Sunday, February 17, 2013

Cote Laramie. A life lost.

Genius: a brilliant, poetic writer; a compassionate friend; a talented musician; a heartthrob of a young man.

Cote Laramie.  Harvard undergraduate.

In early September, Cote, about to begin his junior year, killed himself.

I just found this out this morning, and I am still enraged.  How could this happen?

I've been meaning to write about teenage depression, especially amongst adolescent men.  It's a subject too close to my own heart.

I knew Cote from the St. Paul's School Advanced Studies Program, which he attended between his junior and senior year of high school.  I helped him as a college advisor. I knew, from our first conversation, that Cote possessed something more.  He had a way with words, a wisdom about him.  He had lived many more than his sixteen years, that was apparent.

I helped Cote with his college entrance essay—we corresponded during the fall after ASP.

He began his essay:

"When my mother got pregnant, my father wanted nothing to do with her. I was born not knowing who my father was. I still have no idea."

We talked about missing fathers: mine died when I was thirteen.

His essay continued:

"My mom is a manic depressant schizophrenic. At four years old I was taken away from her and put into a foster home, until my aunt adopted me. Soon after I was taken, my mom began antidepressants in exchange for visitation. From then, until my 13th Christmas, I did whatever I wanted to on the weekends with her. The night I learned of her illness, I became responsible for her actions as well as my own."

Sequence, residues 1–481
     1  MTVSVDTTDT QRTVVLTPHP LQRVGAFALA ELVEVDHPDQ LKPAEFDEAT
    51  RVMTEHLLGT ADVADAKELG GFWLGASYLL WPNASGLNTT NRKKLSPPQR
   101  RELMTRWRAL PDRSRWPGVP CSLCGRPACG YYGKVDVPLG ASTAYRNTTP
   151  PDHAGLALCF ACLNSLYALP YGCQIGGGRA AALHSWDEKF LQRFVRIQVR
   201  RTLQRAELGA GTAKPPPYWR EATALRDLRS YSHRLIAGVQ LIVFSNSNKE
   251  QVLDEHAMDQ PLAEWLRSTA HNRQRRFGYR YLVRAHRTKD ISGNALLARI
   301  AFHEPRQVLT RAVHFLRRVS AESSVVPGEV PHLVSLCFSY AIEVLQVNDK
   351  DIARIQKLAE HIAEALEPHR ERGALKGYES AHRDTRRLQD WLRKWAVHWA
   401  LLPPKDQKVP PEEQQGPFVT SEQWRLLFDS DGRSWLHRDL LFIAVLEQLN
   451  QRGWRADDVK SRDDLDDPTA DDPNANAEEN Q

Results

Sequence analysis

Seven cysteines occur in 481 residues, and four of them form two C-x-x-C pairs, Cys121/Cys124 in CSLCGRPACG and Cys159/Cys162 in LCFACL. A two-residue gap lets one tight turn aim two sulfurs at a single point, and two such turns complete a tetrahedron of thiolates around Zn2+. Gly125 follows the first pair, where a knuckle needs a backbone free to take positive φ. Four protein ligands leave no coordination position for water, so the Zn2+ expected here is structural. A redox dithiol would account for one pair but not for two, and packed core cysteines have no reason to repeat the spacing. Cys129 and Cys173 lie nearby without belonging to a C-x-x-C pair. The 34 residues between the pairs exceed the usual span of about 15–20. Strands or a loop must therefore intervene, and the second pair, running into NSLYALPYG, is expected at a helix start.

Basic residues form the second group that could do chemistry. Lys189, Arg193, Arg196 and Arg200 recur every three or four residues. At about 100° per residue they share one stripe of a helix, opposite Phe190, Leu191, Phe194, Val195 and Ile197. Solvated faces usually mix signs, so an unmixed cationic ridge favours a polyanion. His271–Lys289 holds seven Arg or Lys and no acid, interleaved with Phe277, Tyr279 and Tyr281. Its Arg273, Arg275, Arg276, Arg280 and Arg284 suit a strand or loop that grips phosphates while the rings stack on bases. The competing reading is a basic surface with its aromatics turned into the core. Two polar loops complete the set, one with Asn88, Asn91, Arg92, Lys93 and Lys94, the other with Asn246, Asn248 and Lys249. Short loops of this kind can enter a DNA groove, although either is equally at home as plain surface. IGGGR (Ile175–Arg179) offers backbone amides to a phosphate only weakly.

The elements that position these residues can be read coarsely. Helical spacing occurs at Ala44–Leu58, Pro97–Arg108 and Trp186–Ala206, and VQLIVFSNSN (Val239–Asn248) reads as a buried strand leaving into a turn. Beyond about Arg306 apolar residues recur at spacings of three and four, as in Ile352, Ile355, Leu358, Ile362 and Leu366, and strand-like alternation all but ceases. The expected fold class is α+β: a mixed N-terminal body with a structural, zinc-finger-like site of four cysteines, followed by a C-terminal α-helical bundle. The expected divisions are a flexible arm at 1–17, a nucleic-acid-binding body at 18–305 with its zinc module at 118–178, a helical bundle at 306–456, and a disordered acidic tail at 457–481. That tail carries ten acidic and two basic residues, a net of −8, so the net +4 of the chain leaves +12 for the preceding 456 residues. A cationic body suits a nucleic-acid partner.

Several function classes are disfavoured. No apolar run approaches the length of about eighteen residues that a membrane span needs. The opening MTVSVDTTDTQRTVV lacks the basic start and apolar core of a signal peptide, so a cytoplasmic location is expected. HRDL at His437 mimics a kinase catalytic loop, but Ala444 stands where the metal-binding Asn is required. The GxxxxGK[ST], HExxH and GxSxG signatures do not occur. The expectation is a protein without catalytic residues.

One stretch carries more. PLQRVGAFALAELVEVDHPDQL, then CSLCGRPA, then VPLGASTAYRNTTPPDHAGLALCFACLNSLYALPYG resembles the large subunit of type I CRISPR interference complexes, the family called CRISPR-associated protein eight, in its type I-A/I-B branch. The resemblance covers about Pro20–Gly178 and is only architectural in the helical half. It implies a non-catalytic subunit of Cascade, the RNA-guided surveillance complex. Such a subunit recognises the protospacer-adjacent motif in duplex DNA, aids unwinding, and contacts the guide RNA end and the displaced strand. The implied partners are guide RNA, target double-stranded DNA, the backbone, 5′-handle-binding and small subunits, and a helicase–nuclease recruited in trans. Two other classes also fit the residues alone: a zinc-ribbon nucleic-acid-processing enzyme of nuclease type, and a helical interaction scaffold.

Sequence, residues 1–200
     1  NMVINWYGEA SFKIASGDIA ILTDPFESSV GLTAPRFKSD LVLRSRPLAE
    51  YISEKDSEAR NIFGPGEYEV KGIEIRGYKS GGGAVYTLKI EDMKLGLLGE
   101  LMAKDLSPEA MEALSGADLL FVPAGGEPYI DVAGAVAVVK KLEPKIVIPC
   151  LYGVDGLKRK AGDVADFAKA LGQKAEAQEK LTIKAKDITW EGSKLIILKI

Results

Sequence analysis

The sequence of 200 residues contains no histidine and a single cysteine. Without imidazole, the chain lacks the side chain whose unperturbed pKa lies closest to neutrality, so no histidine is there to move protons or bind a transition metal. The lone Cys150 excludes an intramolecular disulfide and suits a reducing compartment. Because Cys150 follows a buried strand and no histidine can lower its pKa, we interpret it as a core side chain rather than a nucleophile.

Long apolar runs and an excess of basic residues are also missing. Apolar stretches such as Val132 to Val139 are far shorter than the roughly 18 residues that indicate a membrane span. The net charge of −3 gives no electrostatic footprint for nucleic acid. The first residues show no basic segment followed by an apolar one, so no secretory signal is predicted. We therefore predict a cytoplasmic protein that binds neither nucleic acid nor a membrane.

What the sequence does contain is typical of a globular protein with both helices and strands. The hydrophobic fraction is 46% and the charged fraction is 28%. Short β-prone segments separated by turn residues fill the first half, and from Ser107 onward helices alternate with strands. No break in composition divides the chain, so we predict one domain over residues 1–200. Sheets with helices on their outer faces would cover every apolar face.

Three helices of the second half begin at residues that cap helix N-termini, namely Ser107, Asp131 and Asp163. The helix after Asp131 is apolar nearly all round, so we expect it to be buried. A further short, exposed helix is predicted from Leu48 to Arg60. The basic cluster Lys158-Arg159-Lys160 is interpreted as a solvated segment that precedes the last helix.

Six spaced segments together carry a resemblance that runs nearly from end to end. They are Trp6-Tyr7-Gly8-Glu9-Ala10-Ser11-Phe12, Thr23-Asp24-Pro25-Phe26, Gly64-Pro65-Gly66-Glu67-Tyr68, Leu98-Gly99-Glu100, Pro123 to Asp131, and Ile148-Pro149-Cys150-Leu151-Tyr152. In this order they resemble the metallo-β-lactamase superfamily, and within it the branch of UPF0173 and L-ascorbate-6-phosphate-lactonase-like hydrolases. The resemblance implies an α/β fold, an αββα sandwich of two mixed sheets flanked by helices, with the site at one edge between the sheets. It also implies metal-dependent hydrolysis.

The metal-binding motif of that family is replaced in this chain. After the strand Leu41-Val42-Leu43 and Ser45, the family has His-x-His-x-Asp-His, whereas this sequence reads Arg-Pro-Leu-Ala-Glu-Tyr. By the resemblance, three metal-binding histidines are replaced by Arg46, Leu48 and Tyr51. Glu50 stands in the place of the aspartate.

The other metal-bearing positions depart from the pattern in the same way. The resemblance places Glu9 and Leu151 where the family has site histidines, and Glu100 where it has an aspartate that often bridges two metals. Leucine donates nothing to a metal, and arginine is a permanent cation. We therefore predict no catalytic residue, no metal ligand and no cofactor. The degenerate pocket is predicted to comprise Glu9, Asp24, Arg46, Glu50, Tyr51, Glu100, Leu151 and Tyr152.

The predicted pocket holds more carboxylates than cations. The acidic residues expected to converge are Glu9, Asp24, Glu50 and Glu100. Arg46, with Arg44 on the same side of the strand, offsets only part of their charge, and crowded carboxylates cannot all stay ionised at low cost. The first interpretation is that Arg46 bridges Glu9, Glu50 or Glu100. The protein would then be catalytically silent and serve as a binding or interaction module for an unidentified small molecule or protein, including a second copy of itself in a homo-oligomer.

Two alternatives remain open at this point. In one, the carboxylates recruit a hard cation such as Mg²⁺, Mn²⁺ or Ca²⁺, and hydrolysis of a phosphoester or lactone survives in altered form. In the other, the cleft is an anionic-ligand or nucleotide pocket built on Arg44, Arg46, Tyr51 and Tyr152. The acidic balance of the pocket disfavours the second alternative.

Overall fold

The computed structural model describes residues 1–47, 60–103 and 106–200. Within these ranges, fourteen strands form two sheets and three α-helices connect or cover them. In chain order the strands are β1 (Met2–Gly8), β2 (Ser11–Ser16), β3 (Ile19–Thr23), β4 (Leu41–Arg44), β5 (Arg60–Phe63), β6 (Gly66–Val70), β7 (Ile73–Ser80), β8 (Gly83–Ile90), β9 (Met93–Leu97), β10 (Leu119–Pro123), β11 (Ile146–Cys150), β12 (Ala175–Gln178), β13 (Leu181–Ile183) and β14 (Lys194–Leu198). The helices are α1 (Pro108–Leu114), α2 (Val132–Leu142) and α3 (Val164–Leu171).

We talked about dependent mothers: mine developed Alzheimer's and I served as her legal guardian and care giver.

I knew Cote struggled with depression.  I encouraged him to seek help, to remember the joy as much as the unbearable sadness.  I was so thrilled for him when he got in to Harvard.

Just months after my own father died, in the darkest days of February in New England, at the age of 14, I came very close to taking my own life.  That's nearly twenty years ago, but if you've ever gotten to that place you will never forget it. Never.

I have been extremely fortunate to have received tremendous support and treatment over the course of my life, and now know much more about myself, about depression, and about how to live a healthy, balanced, emotionally complex life.

But it took many, many years.  And I doubt most people who knew me ever realised the depths of my depression at the moments it held me in its tightest grasps.

We so desperately need to educate and care for our selves and especially our children.  Innumerable teenagers suffer from depression.  Suicide, a highly preventable end, registers as the third leading cause of death amongst 15-24 year olds.  

Yet we act as if feeling a bit blue just comes with the territory -- of growing up, of hormones, of the turmoils of middle and high school.  

Maybe.  But it's more.  Too many people suffer, truly suffer, tragically suffer.  Were they walking around with broken arms and open sores, we would be aghast and develop a crisis plan.  But since it's on the inside, we pretend.  

We pretend, at great peril.  

Please: if you or someone you know comes even remotely close to considering suicide, get help immediately.  We all need help.  I only wish I could have helped Cote. There should be no shame.

1 comment:

  1. jesus. i'm so sorry. it is a real tragedy, to be unable to escape the grips of depression and a rough family life. i know where you're coming from. my father passed at ten. my mom was in and out of mental hospitals my teen years. when i was 15, i never thought i'd make it to college.

    my friend sarah's husband has been a real inspiration to me. he had the same story. father was MIA. mother was practically out of the picture. middle-lower class family, he never went to college. but he was swallowed by the skating community. kept him out of hard drugs (i had friends die of heroin). in his twenties he had a skateboard company and glassed for a pro surfer. now his boards are carried all around the northwest. (

    community. still seems to me that teens like you, me, or cole.... NEED community. to feel attached to something...